You can be successful externally and still deeply dissatisfied. To be satisfied in your work, you must posses three components.
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Effective leadership involves a commitment to personal development. Unless you continue to grow alongside your business, it will eventually outstrip you. Or worse, stagnate behind you. Join us to explore the three behaviors of high-growth leaders so that doesn’t happen to you.
Years ago, I received some great advice about how to negotiate the deal you want. In fact, I would say this is the secret to successful negotiating.
Last Friday, I had the privilege of hosting the Chick-fil-a Leadercast, along with my friend, Tripp Crosby. All the speakers were outstanding. But something Jack Welch said really stood out to me. Henry Cloud, who interviewed Jack, asked, “What’s the secret to success?”
No one wants to lead an average life. But it’s easy to do. Jon Acuff’s new book, Start, is the alarm we need to wake us up and pursue awesome. In this review, I share Jon’s five-stage road map.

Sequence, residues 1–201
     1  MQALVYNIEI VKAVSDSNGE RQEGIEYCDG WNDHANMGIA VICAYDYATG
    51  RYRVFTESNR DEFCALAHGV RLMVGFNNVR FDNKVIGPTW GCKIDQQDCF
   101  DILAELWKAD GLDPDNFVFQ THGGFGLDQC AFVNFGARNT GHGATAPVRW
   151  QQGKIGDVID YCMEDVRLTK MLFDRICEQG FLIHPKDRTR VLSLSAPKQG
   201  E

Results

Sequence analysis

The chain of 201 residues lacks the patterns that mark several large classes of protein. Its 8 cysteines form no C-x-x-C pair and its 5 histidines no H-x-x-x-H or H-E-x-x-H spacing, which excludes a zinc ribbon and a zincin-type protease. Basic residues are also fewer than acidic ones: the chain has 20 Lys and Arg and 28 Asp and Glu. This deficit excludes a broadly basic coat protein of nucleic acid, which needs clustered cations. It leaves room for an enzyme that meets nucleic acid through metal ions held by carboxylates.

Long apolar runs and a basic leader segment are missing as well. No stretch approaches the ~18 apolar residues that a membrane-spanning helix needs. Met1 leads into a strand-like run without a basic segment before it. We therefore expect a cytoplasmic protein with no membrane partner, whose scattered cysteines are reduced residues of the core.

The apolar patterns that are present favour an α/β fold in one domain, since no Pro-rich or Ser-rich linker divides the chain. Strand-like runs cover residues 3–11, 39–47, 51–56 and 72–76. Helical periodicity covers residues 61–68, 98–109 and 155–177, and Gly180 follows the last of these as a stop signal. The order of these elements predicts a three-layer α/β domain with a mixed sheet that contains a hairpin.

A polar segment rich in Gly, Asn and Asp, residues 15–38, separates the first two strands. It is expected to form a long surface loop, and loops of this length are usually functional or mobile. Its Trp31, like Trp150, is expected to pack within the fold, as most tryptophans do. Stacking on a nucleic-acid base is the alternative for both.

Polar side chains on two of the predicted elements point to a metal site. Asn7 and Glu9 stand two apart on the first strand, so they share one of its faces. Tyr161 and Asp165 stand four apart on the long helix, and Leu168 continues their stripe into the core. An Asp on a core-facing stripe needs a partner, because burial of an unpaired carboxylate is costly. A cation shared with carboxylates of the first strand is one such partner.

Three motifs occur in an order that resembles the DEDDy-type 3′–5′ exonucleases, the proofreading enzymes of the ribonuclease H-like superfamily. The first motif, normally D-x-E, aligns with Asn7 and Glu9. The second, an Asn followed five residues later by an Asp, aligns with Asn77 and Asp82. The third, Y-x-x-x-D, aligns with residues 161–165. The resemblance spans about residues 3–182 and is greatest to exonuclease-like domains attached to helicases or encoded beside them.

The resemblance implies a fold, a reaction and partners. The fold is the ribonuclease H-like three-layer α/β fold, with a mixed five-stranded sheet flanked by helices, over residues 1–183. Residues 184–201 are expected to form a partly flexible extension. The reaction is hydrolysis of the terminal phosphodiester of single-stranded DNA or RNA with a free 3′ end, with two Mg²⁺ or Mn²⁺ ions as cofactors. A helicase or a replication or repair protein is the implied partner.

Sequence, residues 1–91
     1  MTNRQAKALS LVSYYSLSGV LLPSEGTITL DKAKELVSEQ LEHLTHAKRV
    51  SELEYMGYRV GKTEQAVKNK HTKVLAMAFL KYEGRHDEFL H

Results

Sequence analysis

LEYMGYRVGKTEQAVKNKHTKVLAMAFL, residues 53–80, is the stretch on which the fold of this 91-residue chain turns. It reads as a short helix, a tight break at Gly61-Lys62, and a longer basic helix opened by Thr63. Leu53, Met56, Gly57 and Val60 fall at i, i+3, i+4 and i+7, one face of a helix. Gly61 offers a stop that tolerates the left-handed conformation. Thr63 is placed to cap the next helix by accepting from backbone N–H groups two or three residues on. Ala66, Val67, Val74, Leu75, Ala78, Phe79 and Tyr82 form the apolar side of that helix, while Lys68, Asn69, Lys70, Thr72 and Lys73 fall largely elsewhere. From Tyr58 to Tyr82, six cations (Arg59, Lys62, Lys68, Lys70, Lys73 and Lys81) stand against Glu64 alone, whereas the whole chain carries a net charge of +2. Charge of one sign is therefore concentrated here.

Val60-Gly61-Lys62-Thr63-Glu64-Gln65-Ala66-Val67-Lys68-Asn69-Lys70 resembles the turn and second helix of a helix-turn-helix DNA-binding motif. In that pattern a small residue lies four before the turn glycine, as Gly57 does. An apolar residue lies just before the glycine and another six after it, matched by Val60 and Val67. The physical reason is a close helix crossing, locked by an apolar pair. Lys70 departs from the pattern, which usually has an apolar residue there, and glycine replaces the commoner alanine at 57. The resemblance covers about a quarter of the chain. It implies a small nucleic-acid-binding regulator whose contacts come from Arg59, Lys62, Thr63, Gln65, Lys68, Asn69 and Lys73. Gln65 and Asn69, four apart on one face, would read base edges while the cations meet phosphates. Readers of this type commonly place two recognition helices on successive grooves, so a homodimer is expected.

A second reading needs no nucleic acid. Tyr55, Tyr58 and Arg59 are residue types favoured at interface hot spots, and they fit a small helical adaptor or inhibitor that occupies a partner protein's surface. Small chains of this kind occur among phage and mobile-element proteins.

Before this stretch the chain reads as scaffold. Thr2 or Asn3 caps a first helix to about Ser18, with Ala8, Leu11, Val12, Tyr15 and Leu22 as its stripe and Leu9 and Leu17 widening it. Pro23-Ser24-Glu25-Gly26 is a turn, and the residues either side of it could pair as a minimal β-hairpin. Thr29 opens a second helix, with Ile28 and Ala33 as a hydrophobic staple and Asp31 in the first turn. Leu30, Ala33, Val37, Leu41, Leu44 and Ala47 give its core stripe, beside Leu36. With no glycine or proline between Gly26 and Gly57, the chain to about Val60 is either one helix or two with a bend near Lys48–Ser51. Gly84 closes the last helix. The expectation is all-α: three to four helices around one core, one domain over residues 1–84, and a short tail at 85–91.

What does it take to get noticed by “the big boss”? In this guest post, bestselling author, Jeremy Kingsley shares the three C’s of professional advancement.
Today we promoted Mark Schoenwald to the position of President and CEO at Thomas Nelson. Effective immediately, I am stepping out of active management, and turning over the reigns to Mark. However, I will continue to serve as Chairman of the Board. Here are the details.
I am speaking at The Building Champion’s Experience in Sunriver, Orgeon (20 minutes from Ben, Oregon) on September 16–19, 2009. However, even if you are not registered for the event, you can still join me for breakfast—free. I will tell you how in a minute.
A few weeks ago, we had Marcus Buckingham in to speak at our All Employee Meeting. He did a fantastic job. Because we are committed to building a strengths-based organization, we also gave a copy of his new book, The Truth About You, to each of our employees. I only wish someone had given me this message 30 years ago.
This is probably the most important question you could ever ask. The answer will determine how fast you advance in your career and, more importantly, how happy you are in your job. Many of us have had to figure it out the hard way—by trial and error.